10 square lattice. The results confirm that the locally resonant gap is invariant with respect to the lattice symmetries []. In other words, the proposed model can evaluate the lowest bandgap for twodimensional locally resonant PC with a comblike coating regardless of the lattice symmetry. Another way to develop an equivalent springmass model is to model the comblike coating as an 'effective homogeneous perfect coating' of which the effective bulk and shear moduli [0] are obtained based on the equivalence of the strain energy. As indicated before, the shear modulus is uniform in a sectorial piece, immune to the free surfaces. Therefore the effective shear modulus is simply given by C /. () 44 The derivation of the effective bulk modulus, k, is cumbersome. We present the details in Appendix. The final result is with l and h given by Eq. (). Nh( r r ) r r k [ E ( C E )( e ) ], () 4 ' ' hl / r r The effective bulk modulus, normalized by the shear modulus of the coating, is shown in Fig. 8. As we can see, it decreases monotonously as the number of pieces increasing, as a main consequence of the decrease of the Young's modulus in Eq. (5). Meanwhile, replacing C with (k ) and C 44 with in Eq. (5), Eqs. (6) and (7) can be used to evaluate the bandgap edges, see Table III. The numbers in the brackets show the relative errors compared to the FEM results. Predicted results with these effective moduli by the model in Ref. [7], as well as those predicted by the modulus function in Eq. (6) are also presented for comparison. For a small piece number (N=4), the pieces distribute so sparsely that the comblike coating cannot be approximated as a 'perfect coating'. Then a big relative error is shown. For a big piece number (N=3), the pieces are evenly distribute, and we have a small relative error. Unfortunately, the bandgap edges evaluated by either the model of Eq. (5) or the one in Ref. [7] are still much underestimated. However the model of Eq. (5) or (6) can yield more accurate results. 0
11 4. Conclusions In summary, when a comblike coating is introduced to the ternary locally resonant PC, a complete bandgap at a lower frequency can be obtained, except for the case of a comblike coating with two pieces. This is due to the fact that the thin layers of the 'planestress' state near the free surface can decrease the effective stiffness of the coating. The width of this low bandgap, which is a little smaller than that for a uniform coating, is nearly unchanged with its center frequency getting slightly low when the piece number increases. An equivalent springmass model is proposed for a better understanding of the mechanism of the bandgap generation as well as accurate evaluation of the corresponding bandgap edges. The research is relevant to the design of locally resonant PCs which have the potential applications in wave or noise control in the low (even audible) frequency range. It is worthy to point out that this paper just provides a basic idea for the design of the locally resonant PCs with a comblike coating. Actually, a steel core coated with the comblike coating can be manufactured by wrapping the core with a thin layer of coating with many discrete pieces. The discrete piece can also be in other shape, such as parallelogram, trapezoid, etc. Distinguished features maybe expected with various comblike coatings. Acknowledgements The authors are grateful for the support from the National Natural Science Foundation of China (Grant No. 704), the National Basic Research Program of China (00CB7304) and the Oslofjord Research Fond of Norway (RFFOFJORES46898). The first author also acknowledges Rino Nilsen for fruitful discussion during his short visit at Fredrikstad. Appendix In this appendix, we show the process to calculate the effective bulk modus of the comblike coating based on the energy method. We consider the equivalence of the train energy between two states: one is a comblike coating with N pieces subjected to an elongation along the rdirection; the other is the corresponding 'effective homogeneous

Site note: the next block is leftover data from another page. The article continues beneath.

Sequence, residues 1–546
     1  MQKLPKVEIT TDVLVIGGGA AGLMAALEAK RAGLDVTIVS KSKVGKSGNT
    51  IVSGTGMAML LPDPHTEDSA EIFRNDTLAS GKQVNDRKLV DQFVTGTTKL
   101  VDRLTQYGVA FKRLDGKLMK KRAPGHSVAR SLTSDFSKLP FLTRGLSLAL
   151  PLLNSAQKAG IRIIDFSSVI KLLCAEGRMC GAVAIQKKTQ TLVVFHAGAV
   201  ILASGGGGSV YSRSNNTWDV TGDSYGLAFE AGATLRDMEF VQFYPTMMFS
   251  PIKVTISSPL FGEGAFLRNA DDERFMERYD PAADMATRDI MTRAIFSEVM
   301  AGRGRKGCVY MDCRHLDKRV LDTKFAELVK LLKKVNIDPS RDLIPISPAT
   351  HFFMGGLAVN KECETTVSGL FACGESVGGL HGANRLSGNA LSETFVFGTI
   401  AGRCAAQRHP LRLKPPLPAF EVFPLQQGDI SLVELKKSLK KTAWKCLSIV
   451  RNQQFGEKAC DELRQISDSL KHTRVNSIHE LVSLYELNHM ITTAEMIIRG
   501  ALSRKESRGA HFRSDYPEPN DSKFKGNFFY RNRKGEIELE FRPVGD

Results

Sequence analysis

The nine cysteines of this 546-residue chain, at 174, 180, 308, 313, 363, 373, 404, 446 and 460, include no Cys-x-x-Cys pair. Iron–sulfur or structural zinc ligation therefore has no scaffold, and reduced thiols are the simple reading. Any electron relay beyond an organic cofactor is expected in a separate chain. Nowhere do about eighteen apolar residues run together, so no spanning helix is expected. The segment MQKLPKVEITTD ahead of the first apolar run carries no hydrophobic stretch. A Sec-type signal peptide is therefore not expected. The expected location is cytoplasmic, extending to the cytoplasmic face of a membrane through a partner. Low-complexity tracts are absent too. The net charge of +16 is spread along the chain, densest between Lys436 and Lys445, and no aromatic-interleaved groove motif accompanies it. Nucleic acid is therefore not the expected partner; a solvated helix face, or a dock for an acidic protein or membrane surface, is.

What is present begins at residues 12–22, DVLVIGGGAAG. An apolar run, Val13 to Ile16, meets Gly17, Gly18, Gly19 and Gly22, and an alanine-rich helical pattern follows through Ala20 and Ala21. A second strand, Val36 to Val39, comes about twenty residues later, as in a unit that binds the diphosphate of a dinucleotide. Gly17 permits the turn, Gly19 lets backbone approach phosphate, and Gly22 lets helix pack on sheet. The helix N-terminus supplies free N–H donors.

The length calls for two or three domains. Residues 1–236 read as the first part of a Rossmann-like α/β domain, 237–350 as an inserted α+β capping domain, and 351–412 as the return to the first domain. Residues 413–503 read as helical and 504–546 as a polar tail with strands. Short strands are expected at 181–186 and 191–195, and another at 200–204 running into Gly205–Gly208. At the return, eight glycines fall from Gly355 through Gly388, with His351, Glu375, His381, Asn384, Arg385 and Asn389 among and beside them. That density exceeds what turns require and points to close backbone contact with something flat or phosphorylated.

12 perfect coating' with the effective bulk modulus k and the effective shear modulus under the same elongation along the rdirection. The effective shear modulus is given in Eq. (). Next we determine the effective bulk modulus k. Suppose that the comblike coating is sustained an elongation along the rdirection. Its strain energy can be calculated by the sum of the strain energy of N identical l h rectangular strips [Fig. 6] under the elongation of along the xaxis. The strain energy density in each strip is w x x d ( ) d 0 x x E 0 x y x x x ( ) l E y. (A) Then the strain energy of the comblike coating is l h Nh ' ' hl / W N w 0 dd x y [ E ( CE )( e )]. (A) h l Deformation of an 'effective homogeneous perfect coating' under the elongation along the rdirection is an axisymmetric elastic problem of which the displacement field can be generally written as ur Dr D r [] where D and D are determined by the boundary condition. Suppose that the inner boundary of the coating is fixed, and the outer boundary is subjected to a displacement. We can have D r ( r r ) and D Dr. Then the strain energy density in the 'effective homogeneous perfect coating' is w And the total strain energy is r )] r rd r d [4 ( 0 k r r ( r r ). (A3) r W w rdd r [4k ( r r )]. (A4) r 0 r r r Equating the strain energy and W, we get the effective bulk modulus as W Nh( r r ) r r k [ E ( C E )( e ) ]. (A5) 4 ' ' hl / r r